December 13, 2018
I matched my shirt and tie, and drove up and down through one of America’s hilliest neighborhoods to an internship interview. The position was at a nonprofit newsroom, and the drive was my first time leaving the Pittsburgh’s lower levels in three months. I watched the city flatten to a blue-grey triangle as I climbed.
Many of southwest Pittsburgh’s neighborhoods exist at a 20-degree angles. Their roads are like concrete terrace steps, over which birds thread upward between row houses to crest the Alleghenies’ peaks. Cars compete with sidewalks for what little space remains. This divides the city into what author William Rees Morrish calls “terrestrial rooms,” or geographically enclosed and distinct spaces.
I arrived at the office at 9 a.m. Two editors sat me down to interview immediately. “What motivates you?” one of them asked me. “What shuts you down?” “Well, uh, it’s hard to work with unclear compensation structures,” I said. I cursed my answer as soon as it left my mouth.
I continued to flagellate myself as I nursed a coffee after the interview. The editor’s questions rang through my head. What motivates me? What shuts me down? Two-digit checking account balances loomed large in my memory, and I wondered whether I was more of a capitalist than I’d like to admit. I wrote off the interview as a failure, but then my email pinged. They were giving me the position anyway. It netted me 15 hours a week of newsroom work and guaranteed bylines for four months. Feeling grimly satisfied, I bought myself a croissant.
I went back to my house and made myself a sandwich. The combination of the offer and my final exams’ completion meant that I effectively had my first day off in three months. A slot machine of possibilities unrolled. I could do my laundry! I thought. I could cook a meal! I decided, instead, to do my Christmas shopping. I caught a bus to Squirrel Hill — the Pittsburgh neighborhood I hadn’t visited since reporting on the Tree of Life synagogue shooting six weeks prior — and made a list of places to visit.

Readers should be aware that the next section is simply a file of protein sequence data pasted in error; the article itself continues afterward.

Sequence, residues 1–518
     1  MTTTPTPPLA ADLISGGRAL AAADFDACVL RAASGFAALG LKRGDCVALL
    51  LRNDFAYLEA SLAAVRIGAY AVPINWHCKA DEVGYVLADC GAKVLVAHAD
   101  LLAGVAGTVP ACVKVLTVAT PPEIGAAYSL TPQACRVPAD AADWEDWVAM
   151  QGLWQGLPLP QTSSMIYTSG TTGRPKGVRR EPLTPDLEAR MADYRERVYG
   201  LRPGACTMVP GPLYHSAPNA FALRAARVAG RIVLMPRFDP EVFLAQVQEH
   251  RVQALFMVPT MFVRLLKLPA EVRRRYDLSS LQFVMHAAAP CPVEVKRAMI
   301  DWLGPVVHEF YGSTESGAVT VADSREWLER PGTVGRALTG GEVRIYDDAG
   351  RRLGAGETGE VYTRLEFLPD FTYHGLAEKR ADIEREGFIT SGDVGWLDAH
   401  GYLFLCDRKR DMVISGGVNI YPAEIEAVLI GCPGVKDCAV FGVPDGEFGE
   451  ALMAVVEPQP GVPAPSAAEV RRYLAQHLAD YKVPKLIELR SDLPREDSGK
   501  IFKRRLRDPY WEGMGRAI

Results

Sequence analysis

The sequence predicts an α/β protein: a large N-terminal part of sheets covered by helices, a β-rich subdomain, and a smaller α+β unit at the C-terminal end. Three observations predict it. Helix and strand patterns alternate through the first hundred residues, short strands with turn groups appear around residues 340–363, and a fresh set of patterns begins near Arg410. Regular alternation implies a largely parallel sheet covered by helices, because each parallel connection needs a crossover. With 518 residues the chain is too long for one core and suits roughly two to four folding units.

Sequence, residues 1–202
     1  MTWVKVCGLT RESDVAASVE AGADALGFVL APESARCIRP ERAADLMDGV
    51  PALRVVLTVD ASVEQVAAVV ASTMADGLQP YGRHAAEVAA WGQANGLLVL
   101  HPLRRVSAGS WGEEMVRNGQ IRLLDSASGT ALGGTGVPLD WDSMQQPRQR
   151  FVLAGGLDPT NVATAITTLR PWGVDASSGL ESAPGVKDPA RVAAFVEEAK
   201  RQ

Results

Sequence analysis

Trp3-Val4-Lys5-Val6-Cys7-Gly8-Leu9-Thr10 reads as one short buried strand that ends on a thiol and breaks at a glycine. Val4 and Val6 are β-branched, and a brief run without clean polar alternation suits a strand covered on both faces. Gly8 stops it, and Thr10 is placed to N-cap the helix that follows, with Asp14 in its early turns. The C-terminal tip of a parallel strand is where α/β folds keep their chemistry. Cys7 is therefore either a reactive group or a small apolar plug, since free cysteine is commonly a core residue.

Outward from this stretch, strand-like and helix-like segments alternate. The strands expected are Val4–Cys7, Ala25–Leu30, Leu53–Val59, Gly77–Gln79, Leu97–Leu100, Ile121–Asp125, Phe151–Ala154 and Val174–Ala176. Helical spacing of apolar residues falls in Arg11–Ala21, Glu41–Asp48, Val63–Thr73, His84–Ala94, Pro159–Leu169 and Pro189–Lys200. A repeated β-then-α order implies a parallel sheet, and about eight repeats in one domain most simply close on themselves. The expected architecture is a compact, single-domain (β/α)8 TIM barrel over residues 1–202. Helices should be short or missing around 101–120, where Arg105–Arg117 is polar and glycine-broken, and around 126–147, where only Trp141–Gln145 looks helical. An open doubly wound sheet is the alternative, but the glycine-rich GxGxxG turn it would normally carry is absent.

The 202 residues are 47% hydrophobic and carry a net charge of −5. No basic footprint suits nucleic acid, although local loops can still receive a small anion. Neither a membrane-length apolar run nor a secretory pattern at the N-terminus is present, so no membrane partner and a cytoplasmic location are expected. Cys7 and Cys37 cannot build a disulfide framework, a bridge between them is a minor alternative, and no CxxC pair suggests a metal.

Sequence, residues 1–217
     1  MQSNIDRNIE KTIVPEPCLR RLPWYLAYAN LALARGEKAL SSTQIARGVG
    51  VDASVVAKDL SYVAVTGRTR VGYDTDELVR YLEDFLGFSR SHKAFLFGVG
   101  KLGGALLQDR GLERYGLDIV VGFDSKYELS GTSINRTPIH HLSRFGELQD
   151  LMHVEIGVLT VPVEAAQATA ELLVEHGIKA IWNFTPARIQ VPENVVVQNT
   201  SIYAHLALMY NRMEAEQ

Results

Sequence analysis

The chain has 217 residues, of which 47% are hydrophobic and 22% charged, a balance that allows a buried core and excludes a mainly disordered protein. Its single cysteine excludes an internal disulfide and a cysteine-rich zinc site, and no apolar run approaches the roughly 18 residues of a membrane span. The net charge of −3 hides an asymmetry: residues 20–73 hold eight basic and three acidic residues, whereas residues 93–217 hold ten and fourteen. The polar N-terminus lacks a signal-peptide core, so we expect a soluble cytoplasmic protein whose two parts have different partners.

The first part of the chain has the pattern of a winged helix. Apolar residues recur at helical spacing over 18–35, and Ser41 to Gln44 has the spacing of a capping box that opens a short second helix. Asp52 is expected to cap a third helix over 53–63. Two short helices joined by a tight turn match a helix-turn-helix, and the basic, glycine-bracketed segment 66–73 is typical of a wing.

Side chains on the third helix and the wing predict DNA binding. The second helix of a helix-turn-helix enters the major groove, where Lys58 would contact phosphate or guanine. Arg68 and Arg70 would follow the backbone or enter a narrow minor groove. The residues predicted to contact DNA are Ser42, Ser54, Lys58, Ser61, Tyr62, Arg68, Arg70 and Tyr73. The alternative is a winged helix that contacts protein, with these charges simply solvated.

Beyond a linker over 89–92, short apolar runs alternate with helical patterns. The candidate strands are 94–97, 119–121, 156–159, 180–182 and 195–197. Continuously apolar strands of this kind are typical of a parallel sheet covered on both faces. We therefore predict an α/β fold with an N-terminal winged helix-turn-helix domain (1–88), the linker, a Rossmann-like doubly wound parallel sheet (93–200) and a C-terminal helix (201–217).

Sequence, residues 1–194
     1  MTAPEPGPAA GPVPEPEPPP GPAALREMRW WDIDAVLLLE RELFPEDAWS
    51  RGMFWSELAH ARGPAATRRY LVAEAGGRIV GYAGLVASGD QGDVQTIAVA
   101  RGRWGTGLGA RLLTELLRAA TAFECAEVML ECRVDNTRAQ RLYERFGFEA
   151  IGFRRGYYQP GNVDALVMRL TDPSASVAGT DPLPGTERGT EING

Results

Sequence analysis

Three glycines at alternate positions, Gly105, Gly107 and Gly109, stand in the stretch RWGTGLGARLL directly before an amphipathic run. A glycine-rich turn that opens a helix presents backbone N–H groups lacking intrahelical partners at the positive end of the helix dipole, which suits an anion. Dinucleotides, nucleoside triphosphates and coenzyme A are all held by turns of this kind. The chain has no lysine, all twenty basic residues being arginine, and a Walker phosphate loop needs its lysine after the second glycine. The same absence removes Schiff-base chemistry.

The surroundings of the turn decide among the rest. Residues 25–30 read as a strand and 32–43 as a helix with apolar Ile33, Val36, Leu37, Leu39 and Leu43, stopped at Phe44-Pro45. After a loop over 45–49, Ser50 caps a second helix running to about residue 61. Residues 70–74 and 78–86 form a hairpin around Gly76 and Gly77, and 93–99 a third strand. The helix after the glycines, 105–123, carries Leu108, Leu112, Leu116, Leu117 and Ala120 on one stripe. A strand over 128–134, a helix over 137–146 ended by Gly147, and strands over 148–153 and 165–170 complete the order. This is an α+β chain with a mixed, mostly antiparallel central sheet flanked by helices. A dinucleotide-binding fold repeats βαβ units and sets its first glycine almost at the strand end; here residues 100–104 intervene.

My bus pulled into Squirrel Hill’s central intersection around 3 p.m. It was an unseasonably warm December day, and the neighborhood was out enjoying itself. A woman in a Commes Des Garçons shirt went into a nearby macaron store. A child leaned down to pet a stranger’s dog across the street. Families hustled and bustled to the rhythms of everyday life. I slipped off the bus and into those rhythms with them.
Two blocks from here, while reporting, I had watched a stone-jawed former FBI agent exit Tree of Life and weep. Three blocks from here, SWAT teams had shepharded synagogue-goers clutching woolen tallits away from the temple. Six weeks later, the shooting had left a physical presence that was hard to describe. On my way to a thrift store, I had to keep from turning my head to look in the temple’s direction. I wondered whether other people were doing the same.
I went into the thrift store and bought a kitsch Christmas sweater. Afterwards, I bought two tacos filled to the point of bursting with pork and creamy guacamole. I licked my fingers clean and stood at the table. A blond man walked past wearing a shirt that sported a Hebrew phrase for healing: “Tikkun Olam.”
The phrase stuck with me as I walked to the bookstore. I knew that it roughly translated to “repair the world.” The words had a comforting ritual solemnity in their original language. A woman asked the bookstore cashier to help her find a feminist Christmas gift for her niece. Tikkun Olam. Three strangers waited outside for paramedics with a man who was short of breath. Tikkun Olam. I flipped through a copy of Maggie Nelson’s Bluets and wondered whether I could afford to spend $16 indulging my melancholy. A rescue project of soon-to-be-lost blues. I decided I couldn’t, but sat down to peruse it for a few minutes by the window.
The sun went down and I caught the nearest bus home. I opened my computer to draft some freelance story pitches. For a moment, I stared at a blank screen, unsure of what to write. I rubbed my temples, closed my eyes for a minute, then got back to work.